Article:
Thomas Merton I think it was, wrote of life's rituals, for example the ritual of preparing and enjoying his daily coffee. His was in a time before internet blogs and yet he was a prolific writer. His autobiography, the Seven Storey Mountain, might well have been written as a blog had he lived today.
Keeping a personal diary going involves some self discipline of collecting one's thoughts. The collected thoughts might well reflect the 'rich tapestry' of life but the daily events themselves often do not seem that significant. A drama or point of apparent huge concern does not neccessarily present itself as worthy of specific note each week. The great personal diarist, Samuel Pepys, opens his mammoth C17 diary which I regard as a precursor to today's blogs, with (courtesy Penguin Classics)
"January The Lords day. This morning we were lying lately in the garret) I rose. Put on my suit with great skirts, having not lately worn any other clothes but them. We went to Mr Gunnings Church at Exeter House, where he made a very good sermon..."
Apart from the facts that today is Saturday August 1st 2009 rather than a Sunday in January 1660 and that men's attire is different, the points he makes sound very familiar.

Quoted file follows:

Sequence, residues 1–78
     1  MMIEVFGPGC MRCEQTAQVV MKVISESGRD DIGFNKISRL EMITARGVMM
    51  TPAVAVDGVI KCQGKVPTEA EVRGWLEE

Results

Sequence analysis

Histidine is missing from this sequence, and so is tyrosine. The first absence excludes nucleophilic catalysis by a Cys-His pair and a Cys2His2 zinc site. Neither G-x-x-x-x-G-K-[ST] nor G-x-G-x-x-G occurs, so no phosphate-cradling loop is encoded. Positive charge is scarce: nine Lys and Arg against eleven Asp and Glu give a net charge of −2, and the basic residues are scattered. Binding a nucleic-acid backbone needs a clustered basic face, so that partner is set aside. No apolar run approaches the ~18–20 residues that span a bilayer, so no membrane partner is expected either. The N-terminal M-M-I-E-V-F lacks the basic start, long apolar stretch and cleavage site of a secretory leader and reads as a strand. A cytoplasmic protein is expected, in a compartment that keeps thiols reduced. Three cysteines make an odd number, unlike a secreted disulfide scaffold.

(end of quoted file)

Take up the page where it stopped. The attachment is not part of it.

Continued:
Some rituals over the past week reflecting those of the past few weeks are the walk along the short stretch of Thames riverpath on the NW side of Vauxhall Bridge to Pimlico Gardens on the way to the the office. The Thames at high tide especially in rain and wind is almost like a seascape. Like Thomas Merton daily coffee making is a ritual and not a habit. Quiet simple Mass on Monday nights; brief greetings from people in Wimbledon streets; mealtime conversations. Even the early morning commutes on SWTrains are rituals rather than chores although like beauty perhaps that is more a question of the mind of the commuter beholder. Likewise some of the difficulties encountered in life can at least after the event be enriching experiences although that is not to understate the huge burdens that beset so many - being human can be very hard.
On reflection however much of the ordinariness of everday life can be viewed and experienced as positviely challenging and fulfilling or negatively habitual and burdensome. Thomas Merton's approach to daily life as comprising many rituals if I have interpreted him correctly is really enriching.